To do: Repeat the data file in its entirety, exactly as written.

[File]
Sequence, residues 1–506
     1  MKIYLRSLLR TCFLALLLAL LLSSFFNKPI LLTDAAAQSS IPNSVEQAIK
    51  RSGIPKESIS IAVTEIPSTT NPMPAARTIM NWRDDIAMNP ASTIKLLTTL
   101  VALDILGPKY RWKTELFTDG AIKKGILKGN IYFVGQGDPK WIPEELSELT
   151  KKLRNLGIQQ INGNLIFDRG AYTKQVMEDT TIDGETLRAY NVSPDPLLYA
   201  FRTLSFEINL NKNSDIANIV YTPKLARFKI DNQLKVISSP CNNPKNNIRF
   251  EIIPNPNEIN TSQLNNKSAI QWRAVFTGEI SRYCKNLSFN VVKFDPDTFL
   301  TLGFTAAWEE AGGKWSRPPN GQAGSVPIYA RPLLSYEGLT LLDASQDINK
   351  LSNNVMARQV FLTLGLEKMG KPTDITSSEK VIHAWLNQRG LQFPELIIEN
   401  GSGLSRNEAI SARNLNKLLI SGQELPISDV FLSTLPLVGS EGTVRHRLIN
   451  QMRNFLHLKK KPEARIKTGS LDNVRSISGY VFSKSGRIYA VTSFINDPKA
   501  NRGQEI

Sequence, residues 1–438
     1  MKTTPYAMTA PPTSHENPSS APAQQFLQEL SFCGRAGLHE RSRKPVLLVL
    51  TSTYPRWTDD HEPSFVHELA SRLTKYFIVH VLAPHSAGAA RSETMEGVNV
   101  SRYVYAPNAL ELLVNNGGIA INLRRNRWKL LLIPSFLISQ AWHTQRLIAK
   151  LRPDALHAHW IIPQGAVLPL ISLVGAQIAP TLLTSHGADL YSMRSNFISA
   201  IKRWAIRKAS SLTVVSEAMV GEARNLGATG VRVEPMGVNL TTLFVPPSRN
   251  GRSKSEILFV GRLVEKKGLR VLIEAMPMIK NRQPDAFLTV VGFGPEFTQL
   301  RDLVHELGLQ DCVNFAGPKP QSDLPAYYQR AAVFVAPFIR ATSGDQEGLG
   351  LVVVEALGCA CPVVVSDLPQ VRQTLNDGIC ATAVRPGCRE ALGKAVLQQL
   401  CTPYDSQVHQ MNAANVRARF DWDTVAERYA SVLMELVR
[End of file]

Sequence, residues 1–506
     1  MKIYLRSLLR TCFLALLLAL LLSSFFNKPI LLTDAAAQSS IPNSVEQAIK
    51  RSGIPKESIS IAVTEIPSTT NPMPAARTIM NWRDDIAMNP ASTIKLLTTL
   101  VALDILGPKY RWKTELFTDG AIKKGILKGN IYFVGQGDPK WIPEELSELT
   151  KKLRNLGIQQ INGNLIFDRG AYTKQVMEDT TIDGETLRAY NVSPDPLLYA
   201  FRTLSFEINL NKNSDIANIV YTPKLARFKI DNQLKVISSP CNNPKNNIRF
   251  EIIPNPNEIN TSQLNNKSAI QWRAVFTGEI SRYCKNLSFN VVKFDPDTFL
   301  TLGFTAAWEE AGGKWSRPPN GQAGSVPIYA RPLLSYEGLT LLDASQDINK
   351  LSNNVMARQV FLTLGLEKMG KPTDITSSEK VIHAWLNQRG LQFPELIIEN
   401  GSGLSRNEAI SARNLNKLLI SGQELPISDV FLSTLPLVGS EGTVRHRLIN
   451  QMRNFLHLKK KPEARIKTGS LDNVRSISGY VFSKSGRIYA VTSFINDPKA
   501  NRGQEI

Sequence, residues 1–438
     1  MKTTPYAMTA PPTSHENPSS APAQQFLQEL SFCGRAGLHE RSRKPVLLVL
    51  TSTYPRWTDD HEPSFVHELA SRLTKYFIVH VLAPHSAGAA RSETMEGVNV
   101  SRYVYAPNAL ELLVNNGGIA INLRRNRWKL LLIPSFLISQ AWHTQRLIAK
   151  LRPDALHAHW IIPQGAVLPL ISLVGAQIAP TLLTSHGADL YSMRSNFISA
   201  IKRWAIRKAS SLTVVSEAMV GEARNLGATG VRVEPMGVNL TTLFVPPSRN
   251  GRSKSEILFV GRLVEKKGLR VLIEAMPMIK NRQPDAFLTV VGFGPEFTQL
   301  RDLVHELGLQ DCVNFAGPKP QSDLPAYYQR AAVFVAPFIR ATSGDQEGLG
   351  LVVVEALGCA CPVVVSDLPQ VRQTLNDGIC ATAVRPGCRE ALGKAVLQQL
   401  CTPYDSQVHQ MNAANVRARF DWDTVAERYA SVLMELVR